My fellow Hogan Lovells Privacy and Information Management practice leader, Marcy Wilder, and I are delegates to the eG8 Forum in Paris, where later today I will be a speaker at the session on privacy…., the gathering has provided a remarkable opportunity for the sharing of ideas and perspectives on the future of the Internet.
Here are my prepared remarks for the privacy session at the eG8 Forum:
- As the only privacy lawyer on today's panel, I appreciate the opportunity to share my perspectives. As we all know, data is the raw material of our Information Age. But the scale and scope of data collection and use are accelerating in ways previously unimaginable. The Internet, mobile devices, and new forms of networked sensors are combining to produce more and more data that can be collected, analyzed, shared and stored. Thus, according to a new McKinsey study we heard about yesterday here at the eG8 Forum, we are entering the era of “big data,” the label for the vast and increasing amounts of digital information being produced every day.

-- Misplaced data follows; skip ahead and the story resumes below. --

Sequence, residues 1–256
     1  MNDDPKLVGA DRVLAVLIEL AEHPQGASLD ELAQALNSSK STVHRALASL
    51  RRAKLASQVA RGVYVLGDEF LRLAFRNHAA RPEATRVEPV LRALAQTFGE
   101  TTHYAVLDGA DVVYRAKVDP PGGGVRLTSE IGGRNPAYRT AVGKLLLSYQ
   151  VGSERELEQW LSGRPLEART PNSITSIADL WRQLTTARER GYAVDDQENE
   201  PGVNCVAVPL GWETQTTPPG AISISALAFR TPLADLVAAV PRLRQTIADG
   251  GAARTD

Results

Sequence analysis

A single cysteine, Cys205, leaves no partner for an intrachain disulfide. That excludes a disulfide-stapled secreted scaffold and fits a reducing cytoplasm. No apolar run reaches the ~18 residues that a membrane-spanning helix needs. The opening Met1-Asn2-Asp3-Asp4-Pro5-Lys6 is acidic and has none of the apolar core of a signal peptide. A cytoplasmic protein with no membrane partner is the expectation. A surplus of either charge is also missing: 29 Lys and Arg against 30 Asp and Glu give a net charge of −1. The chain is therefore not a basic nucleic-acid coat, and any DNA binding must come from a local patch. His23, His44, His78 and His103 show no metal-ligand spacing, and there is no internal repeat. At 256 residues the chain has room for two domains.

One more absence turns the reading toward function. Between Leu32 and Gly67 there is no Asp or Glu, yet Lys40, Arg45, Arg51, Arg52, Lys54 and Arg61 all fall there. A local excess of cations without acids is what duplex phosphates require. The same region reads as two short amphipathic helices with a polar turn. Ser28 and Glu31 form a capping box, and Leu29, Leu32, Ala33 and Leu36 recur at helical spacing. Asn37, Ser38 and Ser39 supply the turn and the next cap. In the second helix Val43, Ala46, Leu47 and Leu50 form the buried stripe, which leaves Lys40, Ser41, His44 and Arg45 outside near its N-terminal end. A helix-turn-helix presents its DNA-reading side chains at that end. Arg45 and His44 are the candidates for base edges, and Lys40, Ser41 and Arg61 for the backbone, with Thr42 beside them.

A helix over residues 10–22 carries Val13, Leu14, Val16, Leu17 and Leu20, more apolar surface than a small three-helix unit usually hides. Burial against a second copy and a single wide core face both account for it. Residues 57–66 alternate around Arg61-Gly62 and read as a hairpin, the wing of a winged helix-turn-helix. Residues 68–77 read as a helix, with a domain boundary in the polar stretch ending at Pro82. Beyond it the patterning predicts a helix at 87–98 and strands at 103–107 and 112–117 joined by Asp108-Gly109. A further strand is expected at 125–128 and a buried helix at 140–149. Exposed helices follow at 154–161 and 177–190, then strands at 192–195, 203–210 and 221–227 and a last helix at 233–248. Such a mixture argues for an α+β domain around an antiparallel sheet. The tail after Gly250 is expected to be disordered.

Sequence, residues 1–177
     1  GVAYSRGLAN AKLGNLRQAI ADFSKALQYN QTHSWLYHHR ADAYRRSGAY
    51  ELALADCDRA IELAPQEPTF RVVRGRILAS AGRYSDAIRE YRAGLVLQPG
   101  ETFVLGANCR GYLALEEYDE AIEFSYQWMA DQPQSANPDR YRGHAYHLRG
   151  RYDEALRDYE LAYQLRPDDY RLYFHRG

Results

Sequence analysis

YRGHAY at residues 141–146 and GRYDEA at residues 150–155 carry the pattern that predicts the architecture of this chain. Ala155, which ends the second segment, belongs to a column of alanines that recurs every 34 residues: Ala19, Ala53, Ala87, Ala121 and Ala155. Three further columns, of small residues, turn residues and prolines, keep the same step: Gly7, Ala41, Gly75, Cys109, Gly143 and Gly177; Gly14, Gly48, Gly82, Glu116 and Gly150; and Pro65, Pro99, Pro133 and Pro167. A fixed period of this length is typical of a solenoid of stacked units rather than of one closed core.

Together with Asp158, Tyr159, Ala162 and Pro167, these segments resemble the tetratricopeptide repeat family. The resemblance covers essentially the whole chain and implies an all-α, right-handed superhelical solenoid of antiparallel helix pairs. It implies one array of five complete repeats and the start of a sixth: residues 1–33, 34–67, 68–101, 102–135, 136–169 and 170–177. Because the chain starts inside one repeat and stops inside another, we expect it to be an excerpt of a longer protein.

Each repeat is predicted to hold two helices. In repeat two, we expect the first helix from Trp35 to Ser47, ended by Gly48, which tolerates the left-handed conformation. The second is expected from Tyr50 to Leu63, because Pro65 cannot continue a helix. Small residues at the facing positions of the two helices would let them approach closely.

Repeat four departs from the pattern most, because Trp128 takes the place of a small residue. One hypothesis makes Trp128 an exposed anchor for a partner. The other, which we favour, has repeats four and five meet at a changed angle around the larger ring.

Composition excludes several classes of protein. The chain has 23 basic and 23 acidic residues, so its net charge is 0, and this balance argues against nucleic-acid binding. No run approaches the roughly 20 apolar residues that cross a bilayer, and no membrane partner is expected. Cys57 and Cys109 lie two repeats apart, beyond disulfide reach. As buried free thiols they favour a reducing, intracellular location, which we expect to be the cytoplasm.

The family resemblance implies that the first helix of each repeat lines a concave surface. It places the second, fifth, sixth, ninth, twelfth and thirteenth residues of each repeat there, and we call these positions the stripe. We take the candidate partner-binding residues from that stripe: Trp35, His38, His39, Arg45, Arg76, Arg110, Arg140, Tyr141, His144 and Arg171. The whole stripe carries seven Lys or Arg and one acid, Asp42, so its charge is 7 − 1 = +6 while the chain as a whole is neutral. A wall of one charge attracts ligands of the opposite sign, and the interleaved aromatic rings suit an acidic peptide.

The potential of big data, according to McKinsey, is more efficient and competitive businesses, a stronger world economy and better-served consumers, including with better health care services. The experts at McKinsey are concerned however that before the end of the decade, there will not be enough trained personnel to analyze all of the data.
They also note the issue of personal privacy, an issue underlying the growing concern about the amount of data being collected about our lives and used by businesses, often without our knowledge or consent. While not a focus of the McKinsey study on big data, the world leaders gathering soon in Deauville, France for the annual G8 Summit will be considering the issue of privacy as they address the agenda item on how best to advance the Internet. Presumably, they understand – as a US Commerce Department report recently noted – that if privacy concerns increase, trust in the Internet will decrease, creating an economic drag on the Internet’s potential.
The G8 leaders will be informed by our work. And I hope our discussion of Internet privacy will not divide on geographic lines, with representatives from the EU, which has an omnibus privacy law, expressing disdain for the American targeted approach to privacy protection, and those with a US orientation complaining about over-regulation of privacy. If that is how the discussion evolves, that will be too bad, for there is greater need than ever for global strategies to protect privacy, and countries on both sides of the Atlantic have much to learn from each other.